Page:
Liberty Bell

Myths abound surrounding the Liberty Bell. Stories are told as to when it first rang, what caused the crack, and the last time its tone was heard. Regardless of the myths, however, the significance of the Liberty Bell to the American Revolution and the early republic will forever mark it as one of the key symbols of independence.

History of the Liberty Bell

In 1751, the Assembly of the Province of Pennsylvania ordered a bell from Whitechapel Foundry in England, to weigh roughly 2000 pounds. Ironically, the inscription chosen for the bell a full quarter century before the revolution read: “Proclaim Liberty throughout all the land unto all the inhabitants thereof . . .”

Fate, it seemed, had cast the bell”s destiny as a symbol of the Revolution as surely as the foundry had cast its form.

The legend of the bell cracking the first time it was rung is historically accurate, although it occurred in March of 1753, not on the Fourth of July. Colonists attempted to return the bell to England, but when the ship”s master was unable to load it on board, they had to settle for adding copper to the bell”s metal alloy. Unfortunately, this deadened its tone.

A second recasting corrected that problem and the bell, then known as the State House Bell, was hung in Philadelphia”s State House until 1777. It was temporarily removed to Allentown, PA during the threat of British invasion of Philadelphia, and subsequently returned in the summer of 1778.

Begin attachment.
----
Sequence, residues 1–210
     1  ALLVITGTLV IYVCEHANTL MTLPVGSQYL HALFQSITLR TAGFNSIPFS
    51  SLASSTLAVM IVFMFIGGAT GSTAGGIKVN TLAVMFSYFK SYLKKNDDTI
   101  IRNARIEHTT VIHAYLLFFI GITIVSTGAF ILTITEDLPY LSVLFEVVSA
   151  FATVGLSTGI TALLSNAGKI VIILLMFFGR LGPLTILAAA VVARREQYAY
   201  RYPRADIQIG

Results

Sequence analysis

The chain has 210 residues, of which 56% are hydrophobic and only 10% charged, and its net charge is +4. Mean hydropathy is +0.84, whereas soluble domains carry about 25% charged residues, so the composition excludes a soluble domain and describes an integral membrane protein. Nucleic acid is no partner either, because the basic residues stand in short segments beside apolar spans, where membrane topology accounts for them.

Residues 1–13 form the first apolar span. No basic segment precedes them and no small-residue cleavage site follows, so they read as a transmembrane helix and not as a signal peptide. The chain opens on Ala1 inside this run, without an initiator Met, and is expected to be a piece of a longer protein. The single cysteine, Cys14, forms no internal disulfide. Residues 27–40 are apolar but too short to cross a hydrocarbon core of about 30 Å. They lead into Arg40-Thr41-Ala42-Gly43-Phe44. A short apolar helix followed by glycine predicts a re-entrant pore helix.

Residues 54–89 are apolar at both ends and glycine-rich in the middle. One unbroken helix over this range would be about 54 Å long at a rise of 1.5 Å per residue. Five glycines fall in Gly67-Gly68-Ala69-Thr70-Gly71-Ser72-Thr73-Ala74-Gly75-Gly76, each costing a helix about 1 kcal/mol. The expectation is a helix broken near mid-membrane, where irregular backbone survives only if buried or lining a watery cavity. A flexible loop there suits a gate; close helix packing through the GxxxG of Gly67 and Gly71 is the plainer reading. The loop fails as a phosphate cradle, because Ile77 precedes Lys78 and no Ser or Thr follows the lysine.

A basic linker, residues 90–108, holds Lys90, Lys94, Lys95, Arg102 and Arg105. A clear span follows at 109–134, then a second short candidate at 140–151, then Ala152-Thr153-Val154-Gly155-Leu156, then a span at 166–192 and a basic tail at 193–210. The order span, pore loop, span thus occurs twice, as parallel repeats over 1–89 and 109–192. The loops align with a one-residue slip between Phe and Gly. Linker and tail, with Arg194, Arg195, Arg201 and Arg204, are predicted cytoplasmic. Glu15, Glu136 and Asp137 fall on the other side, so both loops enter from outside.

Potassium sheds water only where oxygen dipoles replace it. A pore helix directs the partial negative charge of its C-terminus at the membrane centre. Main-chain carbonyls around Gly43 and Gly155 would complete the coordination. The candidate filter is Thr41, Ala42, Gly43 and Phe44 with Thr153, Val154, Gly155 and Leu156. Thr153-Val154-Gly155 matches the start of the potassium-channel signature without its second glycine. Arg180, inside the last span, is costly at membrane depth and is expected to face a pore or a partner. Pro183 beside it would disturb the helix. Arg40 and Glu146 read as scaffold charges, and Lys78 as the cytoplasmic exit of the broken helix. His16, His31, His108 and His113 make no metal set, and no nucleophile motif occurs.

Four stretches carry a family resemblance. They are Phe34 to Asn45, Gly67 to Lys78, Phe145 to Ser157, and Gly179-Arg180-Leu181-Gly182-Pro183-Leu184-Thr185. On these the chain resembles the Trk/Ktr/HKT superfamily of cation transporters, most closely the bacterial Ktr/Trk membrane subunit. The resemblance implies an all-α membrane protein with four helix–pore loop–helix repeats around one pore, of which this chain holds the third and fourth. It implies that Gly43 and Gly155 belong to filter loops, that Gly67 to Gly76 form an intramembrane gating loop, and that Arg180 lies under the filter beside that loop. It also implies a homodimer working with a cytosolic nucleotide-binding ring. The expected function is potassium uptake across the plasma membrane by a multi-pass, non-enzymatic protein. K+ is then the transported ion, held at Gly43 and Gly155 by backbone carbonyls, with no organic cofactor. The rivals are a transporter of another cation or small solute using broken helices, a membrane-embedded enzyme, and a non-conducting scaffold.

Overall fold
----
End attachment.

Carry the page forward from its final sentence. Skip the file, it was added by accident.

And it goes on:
When and how did the bell ring its last? While romance and legend have attached it to the tolling to mark the passing of Chief Justice John Marshall in 1835, the celebration of Washington”s Birthday, the signing of the Constitution and other historical events, the actual date may never be known. What is certain is the crack line follows the line of the clapper and may have been the result of improper operation.

Whitechapel Foundry also produced the Great Bell of Westminster, more commonly known as Big Ben and as much a symbol to England as the Liberty Bell is to America.

Nonetheless, the Liberty Bell has, in a very real sense, tolled the beginning of American Independence and to this day stands as a universal symbol proclaiming freedom from tyranny.